CARSON CITY — Local elected officials could be removed from office for on-the-job sexual harassment under a bill heard Monday by an Assembly committee — a measure aimed at one embattled county sheriff who has retained his elected post despite numerous complaints.
Assembly Bill 397, sponsored by the top two Assembly lawmakers, would work through the existing framework of the state Equal Rights Commission and, in the case of state officials, constitutional procedures governing impeachment.
Presenting the bill before the Assembly Government Affairs committee, Assemblywoman Teresa Benitez-Thompson, D-Reno, the Assembly majority leader, called out the inconsistency where a public official can be expelled for misuse of public property for campaign or personal purposes but “can’t be removed from office when they are found to have sexually harassed a person.”
Under current law, those with a harassment grievance have 300 days to file a complaint with the commission. The new statute would empower the commission, after a finding of “sufficiently severe” or pervasive harassment, to determine whether it merits removal from office.
Cases involving state officials would be referred to the Assembly for impeachment proceedings, followed if necessary by a trial in the Senate, per existing law. In cases involving local elected officials from cities or counties, the commission could refer the matter to a grand jury or a judge to determine if removal is warranted.
“We’re looking at people with multiple violations — people in which the behavior is especially egregious, people who might have longstanding violations as a public elected official,” Benitez-Thompson said.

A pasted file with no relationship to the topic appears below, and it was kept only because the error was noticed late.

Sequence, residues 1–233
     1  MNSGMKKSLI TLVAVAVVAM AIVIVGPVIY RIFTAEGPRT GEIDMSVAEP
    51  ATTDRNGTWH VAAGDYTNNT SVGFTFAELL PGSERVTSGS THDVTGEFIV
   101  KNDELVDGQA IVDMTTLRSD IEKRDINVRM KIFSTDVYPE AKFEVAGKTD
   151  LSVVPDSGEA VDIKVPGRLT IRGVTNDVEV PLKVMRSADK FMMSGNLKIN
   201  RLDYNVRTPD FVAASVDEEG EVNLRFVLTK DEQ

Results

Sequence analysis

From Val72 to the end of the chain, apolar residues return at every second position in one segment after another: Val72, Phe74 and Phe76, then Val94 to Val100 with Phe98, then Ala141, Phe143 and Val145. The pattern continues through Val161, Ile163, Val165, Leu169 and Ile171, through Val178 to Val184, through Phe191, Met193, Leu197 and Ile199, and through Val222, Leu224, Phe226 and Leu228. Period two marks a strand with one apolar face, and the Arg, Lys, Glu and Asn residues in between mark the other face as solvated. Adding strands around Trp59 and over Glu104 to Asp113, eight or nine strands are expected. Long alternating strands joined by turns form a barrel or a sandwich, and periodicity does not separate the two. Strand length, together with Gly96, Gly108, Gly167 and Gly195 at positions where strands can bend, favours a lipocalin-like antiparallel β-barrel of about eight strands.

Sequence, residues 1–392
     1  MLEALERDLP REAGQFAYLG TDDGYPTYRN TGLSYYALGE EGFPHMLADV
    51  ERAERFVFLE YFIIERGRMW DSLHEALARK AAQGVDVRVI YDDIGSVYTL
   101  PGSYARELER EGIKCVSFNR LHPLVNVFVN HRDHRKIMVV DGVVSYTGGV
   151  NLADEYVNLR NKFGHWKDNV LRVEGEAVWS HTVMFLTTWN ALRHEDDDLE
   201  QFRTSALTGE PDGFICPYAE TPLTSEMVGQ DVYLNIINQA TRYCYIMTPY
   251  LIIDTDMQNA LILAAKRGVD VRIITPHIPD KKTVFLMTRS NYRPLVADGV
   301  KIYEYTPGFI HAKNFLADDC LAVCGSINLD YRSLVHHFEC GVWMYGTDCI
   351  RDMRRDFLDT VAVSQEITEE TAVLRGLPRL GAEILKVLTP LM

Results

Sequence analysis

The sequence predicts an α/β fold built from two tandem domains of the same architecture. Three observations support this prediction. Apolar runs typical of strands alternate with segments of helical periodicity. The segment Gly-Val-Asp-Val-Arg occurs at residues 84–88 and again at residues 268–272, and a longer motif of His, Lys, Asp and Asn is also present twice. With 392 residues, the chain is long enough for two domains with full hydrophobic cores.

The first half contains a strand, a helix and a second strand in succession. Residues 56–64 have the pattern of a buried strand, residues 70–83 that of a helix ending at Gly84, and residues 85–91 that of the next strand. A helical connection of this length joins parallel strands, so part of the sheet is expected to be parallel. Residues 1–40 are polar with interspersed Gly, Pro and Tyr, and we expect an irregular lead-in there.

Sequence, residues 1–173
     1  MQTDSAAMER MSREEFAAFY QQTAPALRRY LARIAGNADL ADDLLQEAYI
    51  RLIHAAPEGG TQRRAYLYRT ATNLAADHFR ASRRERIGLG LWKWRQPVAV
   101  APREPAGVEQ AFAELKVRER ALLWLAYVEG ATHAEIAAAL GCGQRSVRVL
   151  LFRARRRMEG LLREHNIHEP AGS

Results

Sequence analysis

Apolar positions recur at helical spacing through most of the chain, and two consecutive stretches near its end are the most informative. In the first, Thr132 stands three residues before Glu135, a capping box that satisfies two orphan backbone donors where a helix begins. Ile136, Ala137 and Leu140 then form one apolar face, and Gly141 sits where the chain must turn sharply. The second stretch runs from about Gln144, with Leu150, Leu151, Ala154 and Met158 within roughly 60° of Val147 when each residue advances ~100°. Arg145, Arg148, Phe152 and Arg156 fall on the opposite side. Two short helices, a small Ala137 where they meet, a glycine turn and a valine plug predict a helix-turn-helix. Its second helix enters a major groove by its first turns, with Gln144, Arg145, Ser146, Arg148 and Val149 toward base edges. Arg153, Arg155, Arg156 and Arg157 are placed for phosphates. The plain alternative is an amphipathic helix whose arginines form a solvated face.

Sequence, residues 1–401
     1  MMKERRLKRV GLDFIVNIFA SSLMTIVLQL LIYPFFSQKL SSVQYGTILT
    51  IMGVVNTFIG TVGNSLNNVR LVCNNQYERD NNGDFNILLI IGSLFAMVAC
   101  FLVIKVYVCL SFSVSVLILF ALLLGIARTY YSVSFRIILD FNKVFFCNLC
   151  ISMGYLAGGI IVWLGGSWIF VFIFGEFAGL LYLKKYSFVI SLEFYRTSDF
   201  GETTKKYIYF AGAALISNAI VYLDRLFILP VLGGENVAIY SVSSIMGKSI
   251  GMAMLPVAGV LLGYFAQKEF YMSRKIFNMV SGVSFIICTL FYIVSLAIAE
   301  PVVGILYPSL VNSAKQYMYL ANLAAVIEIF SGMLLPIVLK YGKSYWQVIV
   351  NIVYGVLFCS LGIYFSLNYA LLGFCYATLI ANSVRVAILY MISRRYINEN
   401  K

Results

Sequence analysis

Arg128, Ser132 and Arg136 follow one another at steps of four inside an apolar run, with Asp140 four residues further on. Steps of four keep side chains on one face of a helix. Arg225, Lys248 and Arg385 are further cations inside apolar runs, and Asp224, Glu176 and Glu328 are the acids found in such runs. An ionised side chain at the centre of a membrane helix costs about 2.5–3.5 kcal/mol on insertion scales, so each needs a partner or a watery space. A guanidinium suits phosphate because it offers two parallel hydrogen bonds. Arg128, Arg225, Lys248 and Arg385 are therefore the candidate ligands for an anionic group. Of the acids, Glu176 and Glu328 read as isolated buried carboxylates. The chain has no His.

A final provision would make harassers personally responsible for any fines assessed. Currently those fines are often paid by the city or county where the harasser works, or potentially by a campaign committee.
Without citing any official by name, both the majority leader and others who testified made reference to ongoing proceedings involving Storey County Sheriff Gerald Antinoro, who currently faces three pending ethics complaints before the state Ethics Commission and a federal sexual harassment lawsuit filed by a former deputy, in addition to other accusations. Antinoro, first elected in 2010, has twice won re-election and also survived a 2017 recall effort.
“I deal with one elected official up north that is a problem, and we all know what we’re here to talk about,” said Rick McCann of the Nevada Association of Public Safety Officers, whose members include deputies in Storey County and throughout the state.
“I have a problem, and have had for two years, with an elected official who has been able to basically say ‘this’ to the system,” McCann said, gesturing with his middle finger. “For the record, I just put my finger up.”
McCann later confirmed he was referring to Antinoro. The sheriff did not immediately respond to an emailed request for comment.
Two members of the Legislature have resigned in the past two years over allegations of harassment. Former longtime state Sen. Mark Manendo, D-Las Vegas, quit in 2017 after an extensive independent investigation, the results of which were never publicly released. And four-term Assemblyman Mike Sprinkle, D-Sparks, quit last month after facing allegations of harassment.